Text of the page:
Though I give riches away, and give my life for causes, because I had no love, it meant nothing.

Love suffers longs yet is kind. Envies not.

Love does not behave with disregard, or seek personal agendas.

Love does not rejoice in injustice but in truth.

They bear all things, they believe all things, they hope for all things, they ENDURE all things.

Where there be ‘secret truths’ they fail, where there is only knowledge it fails, or special people or powers, they fail. Love never fails.


There are far less people reading than a year ago. Some didn’t see disability, disease and what I learn living it as relevant or interesting. Some just left for other reasons. Some died. I am sorry for those who left because while I have spent 14 years in post high school education, I never LEARNED like I did in the last two years. And while I am dying, in fact I am death, I am also so many other things, and if you can only see the mask on death and disease on me, then you miss everything else.I hope like Sara I will be: a friend, a fragile individual, a fighter, and someone who tries in her own way to keep caring. Death will come, and they will find me slumped over. But not I hope because I didn’t believe that that which is truly eternal is no longer relevant in the 21st century, or in any time, on any continent.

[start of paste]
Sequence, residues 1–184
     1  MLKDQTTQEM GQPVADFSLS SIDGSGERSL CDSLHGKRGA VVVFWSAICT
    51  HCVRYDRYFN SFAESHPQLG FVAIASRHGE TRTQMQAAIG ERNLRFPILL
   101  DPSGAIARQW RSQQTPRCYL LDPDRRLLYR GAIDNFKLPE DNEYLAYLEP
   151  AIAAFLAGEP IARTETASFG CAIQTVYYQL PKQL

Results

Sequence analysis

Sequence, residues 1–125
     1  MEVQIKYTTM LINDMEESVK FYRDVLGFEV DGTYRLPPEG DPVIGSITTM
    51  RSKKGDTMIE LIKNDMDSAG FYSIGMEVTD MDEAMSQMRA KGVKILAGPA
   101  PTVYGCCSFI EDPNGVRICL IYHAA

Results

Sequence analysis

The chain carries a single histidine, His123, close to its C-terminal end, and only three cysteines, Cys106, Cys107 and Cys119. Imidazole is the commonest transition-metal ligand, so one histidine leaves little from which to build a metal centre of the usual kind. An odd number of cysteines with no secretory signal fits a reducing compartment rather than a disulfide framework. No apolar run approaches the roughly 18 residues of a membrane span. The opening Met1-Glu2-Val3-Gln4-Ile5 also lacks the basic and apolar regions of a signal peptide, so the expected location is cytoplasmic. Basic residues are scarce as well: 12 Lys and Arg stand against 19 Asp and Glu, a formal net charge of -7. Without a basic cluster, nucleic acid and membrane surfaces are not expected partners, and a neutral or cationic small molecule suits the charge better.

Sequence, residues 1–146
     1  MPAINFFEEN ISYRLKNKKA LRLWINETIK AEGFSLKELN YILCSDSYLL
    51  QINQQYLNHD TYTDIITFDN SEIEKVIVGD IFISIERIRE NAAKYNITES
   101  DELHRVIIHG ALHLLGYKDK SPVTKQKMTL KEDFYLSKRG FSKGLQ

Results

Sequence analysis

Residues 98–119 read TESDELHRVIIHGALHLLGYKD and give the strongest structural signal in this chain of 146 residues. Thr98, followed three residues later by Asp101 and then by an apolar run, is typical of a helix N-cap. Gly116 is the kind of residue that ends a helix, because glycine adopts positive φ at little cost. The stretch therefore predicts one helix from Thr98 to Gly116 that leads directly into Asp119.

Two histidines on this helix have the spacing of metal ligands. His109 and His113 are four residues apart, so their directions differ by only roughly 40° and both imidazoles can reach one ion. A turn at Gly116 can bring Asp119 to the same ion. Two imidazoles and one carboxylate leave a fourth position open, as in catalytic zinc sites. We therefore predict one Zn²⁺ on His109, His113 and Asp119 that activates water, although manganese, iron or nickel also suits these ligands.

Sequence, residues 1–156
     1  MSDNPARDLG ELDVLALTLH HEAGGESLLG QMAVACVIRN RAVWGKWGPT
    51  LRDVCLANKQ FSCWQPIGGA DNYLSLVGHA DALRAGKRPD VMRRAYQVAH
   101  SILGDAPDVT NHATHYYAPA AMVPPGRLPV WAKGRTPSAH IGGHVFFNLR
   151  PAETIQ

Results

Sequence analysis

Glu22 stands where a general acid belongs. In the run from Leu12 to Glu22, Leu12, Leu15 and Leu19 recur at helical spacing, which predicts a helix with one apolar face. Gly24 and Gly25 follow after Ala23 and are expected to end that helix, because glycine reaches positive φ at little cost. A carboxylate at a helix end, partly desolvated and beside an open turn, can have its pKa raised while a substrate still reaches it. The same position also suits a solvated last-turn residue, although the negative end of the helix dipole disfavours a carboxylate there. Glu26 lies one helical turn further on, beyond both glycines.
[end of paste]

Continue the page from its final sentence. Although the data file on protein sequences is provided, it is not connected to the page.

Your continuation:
Exit stage right.

22 comments:

wendryn said...

Oh my dear, I am so sorry to hear this on top of everything else.